The Do’s and Don’ts of Handbag Shopping: How to Make Sure Your Splurge Doesn’t Give You Buyer’s Remorse

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Diamonds might be some woman’s best friend, but I prefer handbags. Of course, this really does surprise so many people since I rarely change out my handbag for anything other than date night. I’m a one bag at a time kind of woman, and I have my reasons.

  1. I’m a mom. I need the biggest bag ever to store my stuff and the things that belong to all four of my kids (and my husband’s stuff, though he will deny he asks me to carry anything of his).
  2. I’m a mom. I need every available second of my day for all the things that need to be done, and I don’t even have 30 seconds to change out my bag if I wanted to.
  3. I’m a mom. I need something well-made and efficient.
  4. I’m addicted to my Neverfull – and I don’t wanna carry anything else.
  5. I’m a mom. I need room for my booze (I’m mostly kidding about that one).

I love a good handbag, and I have a lot. I still maintain the LV makes the best bags in the world. I’ve got four of my own, my oldest being almost 14-years-old and still perfection. They’re so well-made, so sturdy, and I can’t even destroy them. But I digress. I’m talking handbags today not to sell you on the fact that Louis Vuitton makes the best bags in the business, but to help you decide on which bag you’re going to splurge.

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I believe in expensive handbags, because they’re the ones that last – and I wanted to share with you what to look for when you’re spending $1,000+ on a handbag so you don’t end up with serious buyer’s remorse.

Is the Cost Per Use Worthwhile?

The first question to ask before you splurge on a bag is cost-related. How much will it cost when you break it down by use? For example, the Louis Vuitton Neverfull GM I carry cost $1,340. I carry it every single day, and I have since Valentine’s Days 2016. 20 months. If you break the cost down by month, it’s cost me $67 per month to carry. Break it down by week for roughly 80 weeks and the cost is around $17 per week thus far. Break it down further by roughly 600 days and you’re looking at a total cost of about $2.24 per use so far. Basically – it makes the cost of this bag seem like nothing.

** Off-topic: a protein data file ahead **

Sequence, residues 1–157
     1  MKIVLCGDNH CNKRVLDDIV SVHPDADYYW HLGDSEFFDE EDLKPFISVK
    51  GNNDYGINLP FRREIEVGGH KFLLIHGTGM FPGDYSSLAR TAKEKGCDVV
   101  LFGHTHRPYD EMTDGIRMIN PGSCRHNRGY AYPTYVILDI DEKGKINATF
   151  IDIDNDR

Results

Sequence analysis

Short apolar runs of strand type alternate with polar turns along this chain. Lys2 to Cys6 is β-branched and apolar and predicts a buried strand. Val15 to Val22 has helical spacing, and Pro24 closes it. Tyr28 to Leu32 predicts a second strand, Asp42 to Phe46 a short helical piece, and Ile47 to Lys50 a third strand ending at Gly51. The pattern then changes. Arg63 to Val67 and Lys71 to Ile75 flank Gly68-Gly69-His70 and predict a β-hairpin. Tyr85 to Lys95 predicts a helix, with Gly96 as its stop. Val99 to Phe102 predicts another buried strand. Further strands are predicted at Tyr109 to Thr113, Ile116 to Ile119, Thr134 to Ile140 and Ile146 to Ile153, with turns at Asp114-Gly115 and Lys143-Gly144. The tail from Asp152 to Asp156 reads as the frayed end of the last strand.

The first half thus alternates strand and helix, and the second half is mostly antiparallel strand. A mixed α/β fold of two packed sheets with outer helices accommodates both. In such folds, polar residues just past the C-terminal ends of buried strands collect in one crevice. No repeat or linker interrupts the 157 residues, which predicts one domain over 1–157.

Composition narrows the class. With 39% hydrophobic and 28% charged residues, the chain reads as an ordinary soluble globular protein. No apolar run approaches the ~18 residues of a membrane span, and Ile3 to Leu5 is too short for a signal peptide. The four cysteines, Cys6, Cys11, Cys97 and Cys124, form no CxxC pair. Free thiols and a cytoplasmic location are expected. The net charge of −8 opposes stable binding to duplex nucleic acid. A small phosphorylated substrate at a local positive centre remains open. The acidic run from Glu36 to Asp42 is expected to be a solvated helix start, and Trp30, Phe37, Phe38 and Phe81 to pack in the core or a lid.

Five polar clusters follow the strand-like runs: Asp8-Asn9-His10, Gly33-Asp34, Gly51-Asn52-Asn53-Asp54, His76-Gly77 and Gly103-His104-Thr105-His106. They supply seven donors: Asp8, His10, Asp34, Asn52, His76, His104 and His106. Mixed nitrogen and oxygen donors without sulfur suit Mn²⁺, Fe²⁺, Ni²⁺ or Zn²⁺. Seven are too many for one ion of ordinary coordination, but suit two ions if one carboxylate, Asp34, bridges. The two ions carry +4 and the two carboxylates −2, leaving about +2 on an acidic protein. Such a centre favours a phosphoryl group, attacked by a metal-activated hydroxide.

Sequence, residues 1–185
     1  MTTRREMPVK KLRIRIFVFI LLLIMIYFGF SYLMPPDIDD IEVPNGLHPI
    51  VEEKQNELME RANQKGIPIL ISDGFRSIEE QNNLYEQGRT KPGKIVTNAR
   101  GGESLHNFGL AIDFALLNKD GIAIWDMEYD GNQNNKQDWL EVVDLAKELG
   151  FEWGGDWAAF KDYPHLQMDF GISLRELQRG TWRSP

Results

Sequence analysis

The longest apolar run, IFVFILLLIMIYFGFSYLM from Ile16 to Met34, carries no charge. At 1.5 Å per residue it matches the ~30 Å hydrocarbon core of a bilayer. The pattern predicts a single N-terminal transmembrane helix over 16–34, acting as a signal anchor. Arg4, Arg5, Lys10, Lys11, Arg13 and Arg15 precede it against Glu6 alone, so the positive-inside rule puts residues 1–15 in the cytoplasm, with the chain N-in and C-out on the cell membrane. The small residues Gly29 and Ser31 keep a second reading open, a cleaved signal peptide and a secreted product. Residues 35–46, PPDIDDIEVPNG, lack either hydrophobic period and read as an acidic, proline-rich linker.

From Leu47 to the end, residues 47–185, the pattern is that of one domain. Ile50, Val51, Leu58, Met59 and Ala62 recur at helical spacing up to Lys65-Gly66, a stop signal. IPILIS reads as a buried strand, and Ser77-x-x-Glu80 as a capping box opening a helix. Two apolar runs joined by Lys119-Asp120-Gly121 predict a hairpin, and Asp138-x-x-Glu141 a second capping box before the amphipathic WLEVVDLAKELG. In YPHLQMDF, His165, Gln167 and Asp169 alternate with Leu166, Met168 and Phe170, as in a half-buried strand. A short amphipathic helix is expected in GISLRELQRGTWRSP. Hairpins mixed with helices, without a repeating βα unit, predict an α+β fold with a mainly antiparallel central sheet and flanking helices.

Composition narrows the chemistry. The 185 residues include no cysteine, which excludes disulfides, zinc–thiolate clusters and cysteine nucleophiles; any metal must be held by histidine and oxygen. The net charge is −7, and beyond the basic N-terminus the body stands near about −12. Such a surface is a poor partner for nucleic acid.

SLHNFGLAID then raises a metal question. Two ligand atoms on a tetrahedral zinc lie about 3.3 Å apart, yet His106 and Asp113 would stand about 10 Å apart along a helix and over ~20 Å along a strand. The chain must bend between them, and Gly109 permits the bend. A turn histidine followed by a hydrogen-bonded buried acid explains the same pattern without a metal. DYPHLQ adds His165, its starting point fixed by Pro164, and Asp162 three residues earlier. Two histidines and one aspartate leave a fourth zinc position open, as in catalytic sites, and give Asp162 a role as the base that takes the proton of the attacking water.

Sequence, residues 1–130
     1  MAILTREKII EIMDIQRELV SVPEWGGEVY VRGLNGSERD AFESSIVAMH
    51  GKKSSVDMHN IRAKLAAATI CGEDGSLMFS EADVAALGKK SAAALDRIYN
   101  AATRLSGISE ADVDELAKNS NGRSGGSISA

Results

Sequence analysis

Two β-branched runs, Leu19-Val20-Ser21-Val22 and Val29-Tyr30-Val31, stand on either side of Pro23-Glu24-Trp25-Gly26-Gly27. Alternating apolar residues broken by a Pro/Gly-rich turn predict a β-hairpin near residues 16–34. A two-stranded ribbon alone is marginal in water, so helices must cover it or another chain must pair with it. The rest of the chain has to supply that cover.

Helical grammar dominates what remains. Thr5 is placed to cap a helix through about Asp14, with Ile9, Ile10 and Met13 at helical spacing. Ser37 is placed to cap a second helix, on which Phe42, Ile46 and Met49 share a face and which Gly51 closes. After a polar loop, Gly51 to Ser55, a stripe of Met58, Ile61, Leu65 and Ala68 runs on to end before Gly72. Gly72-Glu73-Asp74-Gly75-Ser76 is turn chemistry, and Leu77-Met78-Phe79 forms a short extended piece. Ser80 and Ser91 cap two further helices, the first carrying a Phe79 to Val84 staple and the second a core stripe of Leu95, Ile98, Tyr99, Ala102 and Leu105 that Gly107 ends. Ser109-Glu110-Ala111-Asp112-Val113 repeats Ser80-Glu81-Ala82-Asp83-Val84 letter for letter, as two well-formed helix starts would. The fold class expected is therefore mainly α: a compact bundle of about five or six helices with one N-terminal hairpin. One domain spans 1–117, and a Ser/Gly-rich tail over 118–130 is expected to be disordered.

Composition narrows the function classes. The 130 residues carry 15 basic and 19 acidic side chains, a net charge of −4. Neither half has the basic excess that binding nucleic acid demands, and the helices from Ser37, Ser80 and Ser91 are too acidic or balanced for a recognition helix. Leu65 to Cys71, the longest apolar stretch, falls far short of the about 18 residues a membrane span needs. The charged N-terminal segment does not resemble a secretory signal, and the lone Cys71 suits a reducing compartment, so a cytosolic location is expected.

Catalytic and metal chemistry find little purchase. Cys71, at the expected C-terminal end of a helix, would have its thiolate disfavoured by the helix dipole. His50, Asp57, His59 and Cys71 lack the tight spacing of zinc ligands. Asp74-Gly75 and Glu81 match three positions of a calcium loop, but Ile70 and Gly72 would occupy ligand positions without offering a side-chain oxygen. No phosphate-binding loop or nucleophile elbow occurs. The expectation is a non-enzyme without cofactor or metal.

On the flip side, consider if you carry a bag only two or three times per month. If I bought this bag and carried it two times a month for 20 months, you’re looking at 40 uses. It’s now costing me $33.50 per use. If you’re going to use the bag long enough and often enough to make the cost-per-use reasonable, it’s a good investment.

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Will it still be stylish in a decade, two decades, 50 years?

Never, ever, ever, ever, ever, ever, ever buy a handbag that is too trendy as an investment piece. Nothing is a bigger waste than spending $1,000+ on a bag you won’t carry more than a year or so. It must be a bag that’ll be in style the rest of your life. Think classic styles, patterns, and designs from designers such as Prada, Gucci, YSL, Chanel, Louis Vuitton, etc. Steer clear of trends.

Does it give you what you need?

I have four kids and a lot of stuff to carry – my Neverfull is everything I need and more. It’s a perfect diaper bag/handbag. It’s perfect for travel. It’s perfect for everyday use. It gives me what I need, and that’s what makes it a good investment. If you’re splurging on a handbag, be sure it’s one that offers all you need without question.

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Do you love it?

If you don’t love it, don’t buy it. Take the time to go shopping. Try on the bag. Look at it. Compare it to other bags you also love. Pick the one you love the most. The one you can see yourself carrying the rest of your life and passing down to your daughter and granddaughter one day. If you’re only buying it because it’s the ‘It’ bag of the season, you’re going to have buyer’s remorse. Don’t pick the most popular, trendiest bag around. Pick the one that speaks to you and has your heart.

I’m a big believer in investment pieces you can carry for the rest of your life. When it comes to accessories such as handbags, spending some serious money is always a wise investment; but only if you do it right the first time.

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